For the first time in U.S. history, America has enough job openings to give every unemployed person in the country a job, according to data from the Labor Department on Tuesday.
There were a record 6.6 million job openings at the end of March, the Labor Department said. With unemployment down at 3.9 percent, that means there are enough jobs to employ everyone looking to work for the first time since the data began to be collected.
Not everyone will get a job, as openings are not necessarily a good fit for available workers and may require different skills than those workers have. Jobs may require workers move to places they do not want to live, or moving for work may be impractical. They may pay too little so that workers prefer unemployment, the boss may just be a big jerk, or the job unpalpable for one reason or another.
The Labor Department’s data is undeniably good news. An increase in job openings should coincide with a fall in unemployment, but in recent years this has not been the case since jobs opened up and yet unemployment remained stubbornly high. Economists debated the reasons for this disconnect, and found among them:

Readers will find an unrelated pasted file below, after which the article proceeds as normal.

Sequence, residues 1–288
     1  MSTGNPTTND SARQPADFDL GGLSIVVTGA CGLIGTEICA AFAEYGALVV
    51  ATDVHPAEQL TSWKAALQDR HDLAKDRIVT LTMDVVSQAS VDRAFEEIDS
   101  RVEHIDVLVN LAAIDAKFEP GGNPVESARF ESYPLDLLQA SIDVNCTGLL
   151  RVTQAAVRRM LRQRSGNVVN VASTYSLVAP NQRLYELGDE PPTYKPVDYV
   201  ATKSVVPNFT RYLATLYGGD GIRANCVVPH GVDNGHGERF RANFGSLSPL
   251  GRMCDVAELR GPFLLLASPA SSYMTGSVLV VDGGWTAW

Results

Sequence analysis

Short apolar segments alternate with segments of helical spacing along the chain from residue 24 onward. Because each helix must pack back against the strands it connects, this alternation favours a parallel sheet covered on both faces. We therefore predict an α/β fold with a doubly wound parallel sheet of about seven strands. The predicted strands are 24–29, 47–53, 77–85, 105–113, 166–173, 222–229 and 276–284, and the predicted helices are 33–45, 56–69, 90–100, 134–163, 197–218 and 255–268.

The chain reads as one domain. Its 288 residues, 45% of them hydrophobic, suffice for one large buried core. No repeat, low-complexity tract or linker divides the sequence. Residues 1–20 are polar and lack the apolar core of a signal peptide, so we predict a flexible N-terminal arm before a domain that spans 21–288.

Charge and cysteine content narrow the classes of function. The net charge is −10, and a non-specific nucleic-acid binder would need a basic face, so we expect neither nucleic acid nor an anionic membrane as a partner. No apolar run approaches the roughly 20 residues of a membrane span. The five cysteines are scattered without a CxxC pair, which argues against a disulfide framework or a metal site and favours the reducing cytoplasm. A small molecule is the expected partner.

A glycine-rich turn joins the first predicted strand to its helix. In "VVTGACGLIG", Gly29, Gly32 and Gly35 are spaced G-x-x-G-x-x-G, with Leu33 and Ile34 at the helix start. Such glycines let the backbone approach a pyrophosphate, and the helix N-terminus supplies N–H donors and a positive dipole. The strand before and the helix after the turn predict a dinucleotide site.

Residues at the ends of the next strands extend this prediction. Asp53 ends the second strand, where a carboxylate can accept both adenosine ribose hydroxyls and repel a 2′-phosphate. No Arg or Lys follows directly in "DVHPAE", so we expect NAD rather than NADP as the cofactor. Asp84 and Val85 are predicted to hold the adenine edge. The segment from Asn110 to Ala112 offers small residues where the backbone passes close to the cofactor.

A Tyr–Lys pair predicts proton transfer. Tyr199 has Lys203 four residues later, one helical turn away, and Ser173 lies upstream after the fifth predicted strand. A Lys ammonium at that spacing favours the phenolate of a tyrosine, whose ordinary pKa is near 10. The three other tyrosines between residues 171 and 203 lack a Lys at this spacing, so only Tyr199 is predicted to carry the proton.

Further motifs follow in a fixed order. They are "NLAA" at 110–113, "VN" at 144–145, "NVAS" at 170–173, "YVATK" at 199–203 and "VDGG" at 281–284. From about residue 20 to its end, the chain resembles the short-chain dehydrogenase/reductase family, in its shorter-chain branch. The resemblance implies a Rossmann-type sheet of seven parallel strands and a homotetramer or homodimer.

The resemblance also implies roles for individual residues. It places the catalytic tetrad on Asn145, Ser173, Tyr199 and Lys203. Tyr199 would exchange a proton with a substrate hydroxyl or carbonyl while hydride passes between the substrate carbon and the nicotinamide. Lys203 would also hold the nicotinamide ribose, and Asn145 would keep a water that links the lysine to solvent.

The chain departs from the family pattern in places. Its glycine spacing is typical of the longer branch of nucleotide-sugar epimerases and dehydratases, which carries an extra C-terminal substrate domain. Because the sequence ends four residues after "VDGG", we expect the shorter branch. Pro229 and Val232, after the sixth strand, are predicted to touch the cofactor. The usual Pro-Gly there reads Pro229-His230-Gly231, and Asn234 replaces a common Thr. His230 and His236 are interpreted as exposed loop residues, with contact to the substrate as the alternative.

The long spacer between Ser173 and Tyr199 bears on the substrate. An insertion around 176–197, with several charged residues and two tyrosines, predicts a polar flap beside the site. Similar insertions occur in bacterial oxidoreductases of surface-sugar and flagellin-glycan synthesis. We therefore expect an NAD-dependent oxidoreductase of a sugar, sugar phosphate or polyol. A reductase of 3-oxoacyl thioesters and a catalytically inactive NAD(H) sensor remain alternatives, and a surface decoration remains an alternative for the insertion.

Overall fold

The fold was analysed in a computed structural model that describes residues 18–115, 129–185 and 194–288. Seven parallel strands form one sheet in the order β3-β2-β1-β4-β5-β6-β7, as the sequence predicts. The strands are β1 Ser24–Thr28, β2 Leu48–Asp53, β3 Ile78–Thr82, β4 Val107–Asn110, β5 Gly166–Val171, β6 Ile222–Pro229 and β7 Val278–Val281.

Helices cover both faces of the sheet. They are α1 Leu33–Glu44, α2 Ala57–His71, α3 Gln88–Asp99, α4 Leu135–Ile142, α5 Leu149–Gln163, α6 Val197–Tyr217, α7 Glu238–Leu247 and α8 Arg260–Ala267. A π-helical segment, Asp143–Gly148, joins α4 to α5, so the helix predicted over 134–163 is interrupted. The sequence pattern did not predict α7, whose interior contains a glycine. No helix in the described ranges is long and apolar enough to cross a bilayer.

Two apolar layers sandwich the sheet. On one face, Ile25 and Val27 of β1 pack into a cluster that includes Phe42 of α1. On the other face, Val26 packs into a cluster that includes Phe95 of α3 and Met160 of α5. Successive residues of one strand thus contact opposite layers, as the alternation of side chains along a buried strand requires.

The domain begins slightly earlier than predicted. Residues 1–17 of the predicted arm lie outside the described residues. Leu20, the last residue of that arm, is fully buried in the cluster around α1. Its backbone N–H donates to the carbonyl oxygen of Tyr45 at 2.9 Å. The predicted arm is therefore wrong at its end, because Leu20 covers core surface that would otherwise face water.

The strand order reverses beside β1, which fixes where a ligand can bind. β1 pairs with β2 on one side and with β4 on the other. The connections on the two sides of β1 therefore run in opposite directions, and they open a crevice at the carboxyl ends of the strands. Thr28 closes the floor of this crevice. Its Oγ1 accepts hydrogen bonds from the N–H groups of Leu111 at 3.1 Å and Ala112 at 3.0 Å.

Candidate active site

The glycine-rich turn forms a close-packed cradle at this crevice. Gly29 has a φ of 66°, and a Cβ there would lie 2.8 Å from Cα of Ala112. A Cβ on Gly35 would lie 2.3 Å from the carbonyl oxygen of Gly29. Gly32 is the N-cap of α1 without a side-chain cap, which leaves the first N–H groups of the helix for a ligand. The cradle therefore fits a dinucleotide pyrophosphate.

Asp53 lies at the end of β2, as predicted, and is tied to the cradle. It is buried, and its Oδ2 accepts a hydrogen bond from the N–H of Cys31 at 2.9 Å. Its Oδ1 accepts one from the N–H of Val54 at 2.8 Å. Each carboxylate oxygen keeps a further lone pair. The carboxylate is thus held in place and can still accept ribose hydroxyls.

Some said that the decline in home prices, which left many Americans with mortgages worth more than their homes, made it harder for workers to move. Rapid changes in the economy might have created an unusually large “skills mismatch.” An aging population might be less eager to move to far-off places to work. Slow growth and high unemployment may have made employers unwilling to raise wages to attract workers, figuring no rush to fill positions. Employers could have been holding jobs open hoping to induce the government to expand foreign worker visa programs.
Whatever the reason for that disconnect, in recent months the normal relationship seems to have been restored. Job openings once again coincide with falling unemployment.
This is good news for workers in more ways than one, and likely means that further job creation will push wages up, which is the other missing piece of the employment puzzle in recent years. That remains to be seen, of course, and an unexpected economic slowdown or opening the country to additional foreign workers could prevent the realization of wage gains.